COVID-Related Election Litigation Tracker

Case Details

This database consolidates and tracks litigation concerning the effect of the pandemic on election law. The purpose of this tool is to provide an interactive list of relevant cases that can be searched by issue, court, status, and jurisdiction.

Case Details


Clark v. Edwards (consolidated with Power Coalition for Equity and Justice v. Edwards)


Clark v. Edwards (consolidated with Power Coalition for Equity and Justice v. Edwards), No. 3:20-cv-00308 (M.D. La.)

  Case Summary Power Coalition for Equity and Justice ("PCEJ") and Louisiana NAACP file suit against the Governor and Secretary of State of Louisiana, on behalf of four individuals in Louisiana, claiming that the State's Emergency Plan for voting in the various 2020 elections offers insufficient protections to voters in light of COVID-19, and thus violates the First and Fourteenth Amendments' Right to Vote. The first claim is that the limited list of excuses to qualify for an absentee ballot are overly narrow and will force many to unsafely vote in person or not at all. Second, the requirement that absentee ballots be signed by a witness is places an unacceptable burden on those that live alone or do not have access to a witness. Third, the requirement that voters who cannot sign for themselves obtain a witness signature is similarly unacceptable. Fourth, the early voting window has not been extended to the November and December elections, and a period of only seven days will be too short to allow for sufficiently many people to vote to prevent overcrowding at the in-person polls and to allow for social-distancing.
Filed 05/19/2020
State Louisiana
Type of Court Federal
Circuit Fifth Circuit
Status Closed
Last Updated 09/01/2020
Issue Tag(s) Vote-by-Mail (Witness and/or Notary Requirement, Failure to Allow Fear of COVID to Qualify as “Excuse”, Failure to Allow No-Excuse Vote by Mail, Notice/Cure for Mismatches Missing Signature or Mistakes, Failure to Include ID/Documentation)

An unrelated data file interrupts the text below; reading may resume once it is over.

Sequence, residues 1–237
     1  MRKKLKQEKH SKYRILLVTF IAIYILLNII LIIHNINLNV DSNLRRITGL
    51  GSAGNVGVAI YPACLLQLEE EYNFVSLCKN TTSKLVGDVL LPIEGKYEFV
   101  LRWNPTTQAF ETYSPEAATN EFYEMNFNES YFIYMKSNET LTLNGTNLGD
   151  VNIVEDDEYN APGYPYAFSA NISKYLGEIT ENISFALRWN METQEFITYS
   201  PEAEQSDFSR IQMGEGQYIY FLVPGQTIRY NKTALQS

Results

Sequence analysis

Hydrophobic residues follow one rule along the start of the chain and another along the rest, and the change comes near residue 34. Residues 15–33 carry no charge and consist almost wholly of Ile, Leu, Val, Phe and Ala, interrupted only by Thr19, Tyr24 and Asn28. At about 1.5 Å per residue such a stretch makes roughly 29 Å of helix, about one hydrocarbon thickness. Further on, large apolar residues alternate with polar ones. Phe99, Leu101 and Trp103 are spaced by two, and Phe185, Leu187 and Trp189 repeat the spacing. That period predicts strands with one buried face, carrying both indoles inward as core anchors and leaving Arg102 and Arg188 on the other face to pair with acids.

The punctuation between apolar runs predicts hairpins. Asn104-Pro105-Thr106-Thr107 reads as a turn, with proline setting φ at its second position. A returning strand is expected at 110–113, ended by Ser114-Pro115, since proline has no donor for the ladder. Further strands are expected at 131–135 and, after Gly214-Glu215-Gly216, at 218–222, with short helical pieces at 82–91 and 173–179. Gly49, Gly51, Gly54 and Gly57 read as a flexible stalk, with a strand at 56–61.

In-Person Voting COVID Concern (Early Voting Availability/Dates)
Complaint(s) 05/19/2020: Complaint filed.
06/17/2020: Complaint, Amended Complaint filed.
Dispositive Ruling(s) 06/22/2020: Order/Ruling, Ruling granting MTD. Court begins by noting that Purcell urges caution to courts looking to interfere on the eve of an election. Plaintiffs on one hand allege that their injury stems from being forced to comply with unfair election rules, not from risk of the virus, and then also claim that these elections rules are unfair because they force a choice between voting and exposure to the virus. The Court thinks this is a hard needle to thread. The Court looks closely at standing, emphasizing that separation of powers dictates that the manner of elections be determined by the legislature. The Court finds that there is no actual injury, and any alleged injury would only result if an unlikely chain of events were to occur, and so finds that there is no standing. The witness signature risk is avoidable through reasonable precautions; the early-voting claim pertaining to the November and December elections is premature; the excuse of elder-care does in fact merit an absentee ballot, and confusion as to whether or not it does is not enough to constitute an injury; and a speculative concern that an application for a ballot on the basis of asthma, without having applied, is not an injury, and in fact the Court believes Ms. Pogue would qualify on the basis of chronic lung disease, or she could even get a note from a health care provider. Further, complaints about the November and December election are not yet ripe, because we do not yet know what procedures will govern those elections. Similarly speculative are claims that voting would endanger claimants sick family, because between use of safety measures, and in-place protections at polls, there are a long list of unlikely events that would have to take place for claimant to catch the virus while voting and then pass it to her family. The injuries alleged are actually based in fear of the virus--which is not itself an injury. As for institutional plaintiffs, they must also allege an injury. Organizations that work to facilitate voting access are not harmed by pursuing the advocacy they already pursue, and even if they are, then the harm is cased by the virus, not the defendants.
06/30/2020: Order/Ruling, Final Judgment
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